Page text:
Bitcoin is similar to cash in that regard, as large transactions with centralized exchanges are reportable and those exchanges are subject to regulatory oversight. Theoretically, the laws regarding physical movement across borders apply as well, but the ability for Bitcoin to be held in small hardware wallets makes those rules hard to enforce.
There are, however, three important ways Bitcoin differs from cash. First, it’s value is not directly linked to an infinitely printable fiat currency, but rather on how people value it as an asset with enforced scarcity. Much virtual ink has been devoted to that subject, as Bitcoin is already an alternative to rapidly depreciating currencies such as the Venezuelan bolivar and can grow into an alternative to more mature currencies.
More importantly, Bitcoin transactions do not require physical proximity, making it ideal for the global, digital world. It would be difficult for an individual in the U.S. to support a peaceful protest north of the border using cash.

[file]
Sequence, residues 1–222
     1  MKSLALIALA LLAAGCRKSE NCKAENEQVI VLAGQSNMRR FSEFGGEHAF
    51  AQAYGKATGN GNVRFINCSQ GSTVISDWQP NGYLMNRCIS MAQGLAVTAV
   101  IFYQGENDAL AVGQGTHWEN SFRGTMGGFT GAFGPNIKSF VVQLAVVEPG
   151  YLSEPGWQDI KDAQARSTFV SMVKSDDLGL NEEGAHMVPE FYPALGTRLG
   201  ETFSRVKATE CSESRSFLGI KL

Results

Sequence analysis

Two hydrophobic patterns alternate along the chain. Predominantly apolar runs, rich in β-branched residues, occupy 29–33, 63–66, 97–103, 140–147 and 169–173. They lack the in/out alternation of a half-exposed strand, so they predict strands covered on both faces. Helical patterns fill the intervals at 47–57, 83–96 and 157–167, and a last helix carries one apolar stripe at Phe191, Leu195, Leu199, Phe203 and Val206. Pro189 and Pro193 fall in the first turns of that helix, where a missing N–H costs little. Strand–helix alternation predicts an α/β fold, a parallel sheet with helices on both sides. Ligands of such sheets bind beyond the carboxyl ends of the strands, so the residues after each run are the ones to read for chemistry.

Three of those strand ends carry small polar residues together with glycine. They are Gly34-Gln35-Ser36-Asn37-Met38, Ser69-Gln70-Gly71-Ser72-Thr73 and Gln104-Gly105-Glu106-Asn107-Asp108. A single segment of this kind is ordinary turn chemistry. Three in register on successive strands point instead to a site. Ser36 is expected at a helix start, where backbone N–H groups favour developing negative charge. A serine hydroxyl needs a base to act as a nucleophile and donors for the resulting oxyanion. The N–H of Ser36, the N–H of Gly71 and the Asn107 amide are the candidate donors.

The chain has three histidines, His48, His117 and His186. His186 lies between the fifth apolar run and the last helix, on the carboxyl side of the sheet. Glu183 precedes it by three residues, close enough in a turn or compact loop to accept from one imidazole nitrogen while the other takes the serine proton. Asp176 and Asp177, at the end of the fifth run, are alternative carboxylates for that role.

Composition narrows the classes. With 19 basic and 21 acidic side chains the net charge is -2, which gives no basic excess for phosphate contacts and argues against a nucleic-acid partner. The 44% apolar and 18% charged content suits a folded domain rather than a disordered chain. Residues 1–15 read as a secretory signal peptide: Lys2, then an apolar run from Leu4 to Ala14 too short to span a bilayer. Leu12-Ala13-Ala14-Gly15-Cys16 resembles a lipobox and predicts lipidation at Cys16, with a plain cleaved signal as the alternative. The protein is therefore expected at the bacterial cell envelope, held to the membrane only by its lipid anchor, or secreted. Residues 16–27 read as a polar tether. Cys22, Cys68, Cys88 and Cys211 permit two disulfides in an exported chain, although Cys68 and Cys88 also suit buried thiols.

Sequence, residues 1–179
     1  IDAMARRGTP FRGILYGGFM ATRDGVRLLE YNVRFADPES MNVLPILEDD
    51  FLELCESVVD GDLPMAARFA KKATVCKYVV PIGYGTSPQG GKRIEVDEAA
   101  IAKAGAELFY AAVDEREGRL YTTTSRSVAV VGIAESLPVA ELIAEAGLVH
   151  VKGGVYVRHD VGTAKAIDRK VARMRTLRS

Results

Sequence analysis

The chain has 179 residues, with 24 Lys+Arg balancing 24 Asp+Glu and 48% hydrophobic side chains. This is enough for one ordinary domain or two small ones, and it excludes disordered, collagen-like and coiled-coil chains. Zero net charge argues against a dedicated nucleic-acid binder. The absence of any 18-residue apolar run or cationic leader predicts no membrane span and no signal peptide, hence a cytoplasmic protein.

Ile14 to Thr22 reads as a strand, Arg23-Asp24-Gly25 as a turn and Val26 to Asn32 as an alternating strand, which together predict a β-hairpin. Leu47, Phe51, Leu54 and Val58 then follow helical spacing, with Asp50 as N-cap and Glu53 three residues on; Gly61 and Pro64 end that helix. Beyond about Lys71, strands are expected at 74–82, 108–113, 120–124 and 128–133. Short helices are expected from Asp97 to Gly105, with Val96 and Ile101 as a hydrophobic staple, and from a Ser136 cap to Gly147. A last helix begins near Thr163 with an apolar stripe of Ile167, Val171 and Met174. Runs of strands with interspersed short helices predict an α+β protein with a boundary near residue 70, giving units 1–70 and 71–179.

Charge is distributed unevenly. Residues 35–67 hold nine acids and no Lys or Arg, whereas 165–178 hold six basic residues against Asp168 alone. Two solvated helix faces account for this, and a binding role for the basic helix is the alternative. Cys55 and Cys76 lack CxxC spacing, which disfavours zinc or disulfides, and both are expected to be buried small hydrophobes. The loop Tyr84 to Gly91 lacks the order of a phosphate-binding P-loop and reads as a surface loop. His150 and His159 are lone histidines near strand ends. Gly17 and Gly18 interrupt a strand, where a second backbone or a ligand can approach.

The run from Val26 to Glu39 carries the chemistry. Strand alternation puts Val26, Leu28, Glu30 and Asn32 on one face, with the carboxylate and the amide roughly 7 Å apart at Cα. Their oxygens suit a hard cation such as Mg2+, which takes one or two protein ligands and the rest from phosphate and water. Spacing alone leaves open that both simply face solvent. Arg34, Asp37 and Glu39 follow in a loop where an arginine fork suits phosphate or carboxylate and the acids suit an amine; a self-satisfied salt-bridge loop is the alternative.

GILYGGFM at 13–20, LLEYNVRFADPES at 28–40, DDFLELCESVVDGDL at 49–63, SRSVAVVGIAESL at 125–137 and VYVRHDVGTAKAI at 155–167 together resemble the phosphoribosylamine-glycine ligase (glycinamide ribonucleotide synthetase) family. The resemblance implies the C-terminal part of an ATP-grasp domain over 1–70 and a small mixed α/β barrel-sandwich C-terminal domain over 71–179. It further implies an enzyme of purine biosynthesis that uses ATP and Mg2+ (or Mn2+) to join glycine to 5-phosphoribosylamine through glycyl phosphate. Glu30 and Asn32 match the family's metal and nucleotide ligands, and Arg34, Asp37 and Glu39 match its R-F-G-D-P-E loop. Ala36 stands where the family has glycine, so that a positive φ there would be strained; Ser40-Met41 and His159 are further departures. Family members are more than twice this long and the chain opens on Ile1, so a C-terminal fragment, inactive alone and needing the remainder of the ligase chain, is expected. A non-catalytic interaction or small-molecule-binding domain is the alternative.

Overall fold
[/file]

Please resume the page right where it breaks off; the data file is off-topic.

Third, Bitcoin is far more portable, and, while transactions can be traced from one wallet address to another, it is relatively easy to hold large values of the commodity in those wallets, which themselves can be moved and hidden with relative ease.
The combination of differences is critical in this case as the government has no effective means to stop the use of personal wallets or transactions between them. Of course, that hasn’t stopped them from trying, with the officials sending letters to wallet providers and financial institutions. One wallet provider, Nunchuck.io, which protest organizers suggest have a large share of the crypto donated to the truckers, responded to the regulators by saying it “cannot” freeze its users’ money or prevent it from being moved because it does not have access to their digital wallets.
“We cannot ‘freeze’ our users’ assets. We cannot ‘prevent’ them from being moved. We do not have knowledge of ‘the existence, nature, value and location’ of our users’ assets. This is by design,” the group wrote in a tweet, showing a screenshot of an emailed response they claim to have sent to the court.